Path to Thai­land 4.0 is a CY­BER-MINE­FIELD


The Nation - - OPINION & ANALYSIS -

As we head to­wards an on­line econ­omy and so­ci­ety un­der the over­ar­ch­ing vi­sion of Thai­land 4.0, cy­ber­se­cu­rity has be­come cru­cial to our fu­ture sta­bil­ity.

The dan­gers of a glob­alised In­ter­net have al­ready wreaked havoc at a na­tional level else­where. Last year, Bangladesh’s cen­tral bank lost US$101 mil­lion when hack­ers raided dig­i­tal vaults via the Swift bank­ing net­work. More re­cently, Wan­nacry ran­somware paral­ysed sys­tems in coun­tries around the world, in­clud­ing Thai­land, ex­tort­ing huge amounts of money to re­lease data held hostage.

But with Thai­land ea­gerly pro­mot­ing the use of elec­tronic pay­ment meth­ods, the num­ber of cy­ber-vic­tims here is set to sky­rocket un­less pre­ven­tive steps are taken.

Mo­bile and In­ter­net bank­ing ser­vices are also grow­ing in pop­u­lar­ity as Thai banks and fi­nan­cial tech­nol­ogy (Fin­tech) start-ups race to of­fer more con­ve­nience to cus­tomers.

The gov­ern­ment is also spon­sor­ing the Promp­tPay e-pay­ment plat­form as it makes the move to­wards a cash­less so­ci­ety.

While the ben­e­fits of mov­ing money trans­ac­tions on­line are ob­vi­ous, so are the cy­ber­se­cu­rity risks it brings.

Most of us wouldn’t think twice about pay­ing a monthly home loan in­stal­ment at one of Bangkok’s pop­u­lar cof­fee shops. Yet the un­pro­tected free WiFi con­nec­tion can also act as a gate­way for cy­ber- thieves to di­vert your elec­tronic trans­fer of funds. Public WiFi net­works are now in­creas­ingly com­mon – and just as in­se­cure. Greater con­ve­nience here comes at the cost of greater risk.

Part of the so­lu­tion lies in rais­ing public aware­ness via ed­u­ca­tion cam­paigns and train­ing in how to safely ne­go­ti­ate the new dig­i­tal ser­vices for shop­ping, pay­ments and other trans­ac­tions.

Smart­phones are now a ma­jor tar­get of cy­ber- crim­i­nals as their num­ber and use con­tin­ues to grow sharply.

In Thai­land, the num­ber of mo­bile phones now eas­ily out­strips the coun­try’s pop­u­la­tion of 65 mil­lion. Phone op­er­a­tors can play a helpful role by en­cour­ag­ing cus­tomers to in­stall se­cu­rity soft­ware, es­pe­cially im­por­tant since more and more of us use our phones as pay­ment de­vices.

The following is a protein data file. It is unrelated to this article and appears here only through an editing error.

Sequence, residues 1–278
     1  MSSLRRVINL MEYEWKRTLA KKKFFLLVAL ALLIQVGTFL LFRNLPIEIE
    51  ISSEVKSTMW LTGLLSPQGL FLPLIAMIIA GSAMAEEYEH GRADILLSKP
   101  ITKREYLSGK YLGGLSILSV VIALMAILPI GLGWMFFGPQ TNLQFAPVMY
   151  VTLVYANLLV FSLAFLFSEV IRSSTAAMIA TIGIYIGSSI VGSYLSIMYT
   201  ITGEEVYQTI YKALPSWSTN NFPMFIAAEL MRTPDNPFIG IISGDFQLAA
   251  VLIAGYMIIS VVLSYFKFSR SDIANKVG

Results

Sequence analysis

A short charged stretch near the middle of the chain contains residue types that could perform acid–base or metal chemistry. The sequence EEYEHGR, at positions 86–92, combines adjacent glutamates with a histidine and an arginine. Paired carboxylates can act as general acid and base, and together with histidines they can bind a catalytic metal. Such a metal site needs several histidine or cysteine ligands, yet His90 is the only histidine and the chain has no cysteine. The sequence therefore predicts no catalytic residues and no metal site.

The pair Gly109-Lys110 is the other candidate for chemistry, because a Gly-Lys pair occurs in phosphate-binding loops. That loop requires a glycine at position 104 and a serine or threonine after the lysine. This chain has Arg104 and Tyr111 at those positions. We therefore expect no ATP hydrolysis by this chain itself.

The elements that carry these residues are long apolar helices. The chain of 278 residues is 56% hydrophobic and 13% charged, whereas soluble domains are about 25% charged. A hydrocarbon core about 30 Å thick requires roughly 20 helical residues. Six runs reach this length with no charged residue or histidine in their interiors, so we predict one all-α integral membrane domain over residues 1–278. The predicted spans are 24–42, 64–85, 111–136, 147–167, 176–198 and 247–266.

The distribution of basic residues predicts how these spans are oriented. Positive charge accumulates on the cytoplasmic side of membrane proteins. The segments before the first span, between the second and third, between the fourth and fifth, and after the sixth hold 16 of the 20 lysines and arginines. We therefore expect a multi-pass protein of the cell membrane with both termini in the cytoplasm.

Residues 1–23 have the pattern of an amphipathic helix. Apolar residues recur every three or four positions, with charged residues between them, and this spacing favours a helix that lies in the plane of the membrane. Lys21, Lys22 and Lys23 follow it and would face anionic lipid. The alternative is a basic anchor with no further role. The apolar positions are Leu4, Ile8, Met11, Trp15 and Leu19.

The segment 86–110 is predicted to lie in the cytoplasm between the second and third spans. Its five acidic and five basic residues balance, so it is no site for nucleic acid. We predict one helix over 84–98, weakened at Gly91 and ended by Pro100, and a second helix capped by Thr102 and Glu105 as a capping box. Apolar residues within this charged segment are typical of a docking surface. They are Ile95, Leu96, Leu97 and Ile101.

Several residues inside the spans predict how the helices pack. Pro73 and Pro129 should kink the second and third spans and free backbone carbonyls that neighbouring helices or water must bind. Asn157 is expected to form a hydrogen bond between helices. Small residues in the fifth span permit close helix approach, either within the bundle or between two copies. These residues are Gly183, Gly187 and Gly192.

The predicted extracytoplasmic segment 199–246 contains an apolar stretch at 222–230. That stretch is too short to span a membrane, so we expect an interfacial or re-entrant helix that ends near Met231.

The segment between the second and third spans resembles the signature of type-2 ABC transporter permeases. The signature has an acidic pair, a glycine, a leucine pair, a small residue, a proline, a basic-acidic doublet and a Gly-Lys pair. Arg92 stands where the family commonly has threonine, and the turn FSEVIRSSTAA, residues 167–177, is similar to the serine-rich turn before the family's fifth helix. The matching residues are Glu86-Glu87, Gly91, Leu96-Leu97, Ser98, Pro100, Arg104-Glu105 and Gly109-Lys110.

The dig­i­tal world is also ex­pand­ing via the so- called In­ter­net of Things. The num­ber of de­vices con­nected up to the IoT will sky­rocket to 25 bil­lion by 2020, ac­cord­ing to most es­ti­mates. IoT-en­abled de­vices num­bered about 9.5 bil­lion in 2015 – over­tak­ing the hu­man pop­u­la­tion of 7.5 bil­lion.

The IoT will en­com­pass house­hold de­vices such as cof­fee ma­chines, re­frig­er­a­tors and ovens, along with med­i­cal de­vices like imag­ing ma­chines, fac­tory equip­ment and in­dus­trial ma­chines. He po­ten­tial for cy­ber-dis­rup­tion is ob­vi­ous.

An­other sig­nif­i­cant threat lies in the grow­ing use of dig­i­tal fin­ger­prints and fa­cial recog­ni­tion tech­nol­ogy. Mil­lions of smart­phones now come equipped with this soft­ware, which is also fea­tur­ing more and more in on­line ser­vices such as visa ap­pli­ca­tions.

The re­sult­ing data­bases of mil­lions of bio-iden­ti­ties will be the next big tar­get for cy­ber-hi­jack­ers. Iden­tity theft, al­ready a huge prob­lem, threat­ens to be­come a boom­ing in­dus­try.

All these po­ten­tial threats need to be stud­ied care­fully by gov­ern­ment and pri­vate sec­tor ex­perts as Thai­land en­ters the era of con­nected econ­omy and so­ci­ety.

A new age in­evitably leads to new modes of crime and trans­gres­sion. The chal­lenge is to an­tic­i­pate the dan­gers and de­velop new mea­sures to com­bat them.

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